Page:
Life among the Victorians: Researching and Writing 19th century British History

Kingston University

Course Description

  • Course Name

    Life among the Victorians: Researching and Writing 19th century British History

  • Host University

    Kingston University

  • Location

    London, England

  • Area of Study

    European Studies, History

  • Language Level

    Taught In English

  • Course Level Recommendations


    ISA offers course level recommendations in an effort to facilitate the determination of course levels by credential evaluators.We advice each institution to have their own credentials evaluator make the final decision regrading course levels.

    Hours & Credits

  • Credits

  • Recommended U.S. Semester Credits
  • Recommended U.S. Quarter Units
  • Overview

    Course Content
    This module introduces students to life in Britain during a period of great reform, both in
    terms of the relationship between government and the people and in the way people
    saw themselves. We explore the transformation of a rural society into one concentrated
    in large towns and cities and the challenges this creates. We draw in issues of class,
    religion and poverty; changing attitudes to private and public lives; emergence of leisure
    as a commodity and consumerism as past-time; responses to new understandings of
    disease; debates about the role of women and changing ideas about family and children.
    Alongside these debates in social history, the module will investigate the politics of an
    era which saw a slow transition into a modern democracy, focusing on iconic figures
    such as Disraeli and Gladstone.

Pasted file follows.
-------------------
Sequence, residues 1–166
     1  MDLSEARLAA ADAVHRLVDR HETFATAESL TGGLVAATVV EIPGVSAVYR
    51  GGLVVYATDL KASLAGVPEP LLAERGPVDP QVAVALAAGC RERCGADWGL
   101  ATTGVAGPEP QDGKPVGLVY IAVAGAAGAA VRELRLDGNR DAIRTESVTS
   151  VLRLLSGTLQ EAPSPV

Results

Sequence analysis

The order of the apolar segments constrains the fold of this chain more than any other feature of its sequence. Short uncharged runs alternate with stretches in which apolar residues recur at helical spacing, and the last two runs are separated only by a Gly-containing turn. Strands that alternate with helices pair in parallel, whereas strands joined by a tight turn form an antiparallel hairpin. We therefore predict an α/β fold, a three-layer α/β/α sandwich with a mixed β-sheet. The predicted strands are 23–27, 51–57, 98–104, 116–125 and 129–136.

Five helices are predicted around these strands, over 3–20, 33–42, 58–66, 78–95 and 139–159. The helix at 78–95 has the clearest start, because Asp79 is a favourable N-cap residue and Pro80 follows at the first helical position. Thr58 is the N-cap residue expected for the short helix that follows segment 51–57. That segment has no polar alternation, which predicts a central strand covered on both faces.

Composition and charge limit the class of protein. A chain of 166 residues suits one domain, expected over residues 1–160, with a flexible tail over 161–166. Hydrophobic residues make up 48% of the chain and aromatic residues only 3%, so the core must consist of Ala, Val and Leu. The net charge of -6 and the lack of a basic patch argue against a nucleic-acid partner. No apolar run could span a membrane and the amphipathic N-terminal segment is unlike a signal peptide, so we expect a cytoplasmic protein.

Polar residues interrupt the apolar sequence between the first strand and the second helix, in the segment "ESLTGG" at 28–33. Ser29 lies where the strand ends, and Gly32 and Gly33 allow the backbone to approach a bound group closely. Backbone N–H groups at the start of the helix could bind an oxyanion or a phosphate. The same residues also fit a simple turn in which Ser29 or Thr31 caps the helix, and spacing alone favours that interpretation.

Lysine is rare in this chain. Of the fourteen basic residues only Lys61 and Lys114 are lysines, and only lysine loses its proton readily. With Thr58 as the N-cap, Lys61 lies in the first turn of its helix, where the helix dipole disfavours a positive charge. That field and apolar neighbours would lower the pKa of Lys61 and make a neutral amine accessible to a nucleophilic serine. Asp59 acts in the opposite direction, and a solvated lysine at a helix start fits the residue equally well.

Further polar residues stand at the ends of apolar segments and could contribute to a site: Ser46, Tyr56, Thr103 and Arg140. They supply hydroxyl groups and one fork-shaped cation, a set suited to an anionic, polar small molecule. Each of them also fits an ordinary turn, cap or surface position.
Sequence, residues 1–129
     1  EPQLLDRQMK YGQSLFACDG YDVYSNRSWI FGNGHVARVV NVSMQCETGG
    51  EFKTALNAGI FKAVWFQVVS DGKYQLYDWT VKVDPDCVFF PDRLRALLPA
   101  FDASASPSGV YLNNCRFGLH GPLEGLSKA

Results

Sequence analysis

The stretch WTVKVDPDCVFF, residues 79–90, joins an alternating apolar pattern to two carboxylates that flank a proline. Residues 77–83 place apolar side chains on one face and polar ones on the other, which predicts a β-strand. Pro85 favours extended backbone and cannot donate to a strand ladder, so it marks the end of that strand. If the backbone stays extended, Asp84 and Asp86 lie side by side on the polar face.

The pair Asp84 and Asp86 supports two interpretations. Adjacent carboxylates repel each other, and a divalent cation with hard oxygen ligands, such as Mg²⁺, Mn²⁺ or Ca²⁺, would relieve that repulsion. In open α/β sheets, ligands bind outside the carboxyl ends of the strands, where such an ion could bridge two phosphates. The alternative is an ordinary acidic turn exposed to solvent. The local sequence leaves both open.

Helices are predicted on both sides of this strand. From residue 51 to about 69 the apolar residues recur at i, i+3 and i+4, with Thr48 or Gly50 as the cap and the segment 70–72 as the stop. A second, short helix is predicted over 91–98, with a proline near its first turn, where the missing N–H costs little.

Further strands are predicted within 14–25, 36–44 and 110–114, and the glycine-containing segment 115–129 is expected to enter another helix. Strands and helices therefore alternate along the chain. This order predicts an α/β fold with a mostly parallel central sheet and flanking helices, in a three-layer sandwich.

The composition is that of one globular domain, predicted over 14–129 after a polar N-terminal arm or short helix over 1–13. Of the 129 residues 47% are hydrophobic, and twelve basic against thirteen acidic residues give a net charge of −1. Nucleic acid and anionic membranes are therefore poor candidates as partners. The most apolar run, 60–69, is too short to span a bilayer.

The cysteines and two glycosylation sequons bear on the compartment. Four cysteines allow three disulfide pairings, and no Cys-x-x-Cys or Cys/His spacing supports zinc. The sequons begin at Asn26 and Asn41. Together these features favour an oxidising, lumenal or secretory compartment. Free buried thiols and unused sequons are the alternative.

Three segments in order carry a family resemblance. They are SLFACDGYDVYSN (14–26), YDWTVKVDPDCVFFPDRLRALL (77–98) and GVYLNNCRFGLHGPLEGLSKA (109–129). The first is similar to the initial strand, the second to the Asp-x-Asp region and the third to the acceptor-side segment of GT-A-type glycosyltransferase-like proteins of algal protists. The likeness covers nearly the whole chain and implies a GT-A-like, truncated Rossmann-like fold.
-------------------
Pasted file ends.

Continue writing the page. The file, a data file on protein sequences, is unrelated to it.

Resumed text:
Indicative content:
    * An age of reform: extending the franchise and the politics of reform, including
    the leading influencers of change such as Disraeli and Gladstone and movements
    such the Chartists.
    * The birth of party politics.
    * Technology and mobility, from the railways, the telegraph and telephone to the
    motor-car; 'What the Victorians did for us'.
    * Urbanisation and industrialisation: the relationship between these twin pillars of
    Victorian society
    * The significance of the rise of the middle class: class and respectability in
    Victorian Britain.
    * The birth of ?Big Government?: poverty, public health crises and education for the
    masses; and of ?Big Society?: philanthropy, charity and relationship with changing
    influence of religion on people?s lives.
    * Changes in leisure and culture, from the introduction of mass spectator sports to
    the birth of shopping as a leisure activity.
    * Women?s changing roles, their entrance into higher education, the workforce,
    and campaigns for the vote; and changing notions of the family.
    * Victorian Immigrant Populations: the search for the non-white British population
    in 19th century Britain.
    * Crime and prostitution
    * The rise of science as an explanation for the unexplainable and the unexplainable
    and the popularisation of science.

    Teaching: Lectures, workshops, seminars and field trips


    TUDY OPTION 1: two 2,000 word essays.
    STUDY OPTION 2: a 2,000 word essay
    STUDY OPTION 3: One 1500 word essay with accompanying 500 word source question.

Course Disclaimer

Courses and course hours of instruction are subject to change.

Eligibility for courses may be subject to a placement exam and/or pre-requisites.

Some courses may require additional fees.

Credits earned vary according to the policies of the students' home institutions. According to ISA policy and possible visa requirements, students must maintain full-time enrollment status, as determined by their home institutions, for the duration of the program.

Please reference fall and spring course lists as not all courses are taught during both semesters.

Please note that some courses with locals have recommended prerequisite courses. It is the student's responsibility to consult any recommended prerequisites prior to enrolling in their course.


This site uses cookies to store information on your computer. Some are essential to make our site work; others help us improve the user experience. By using the site, you consent to the placement of these cookies.

Read our Privacy Policy to learn more.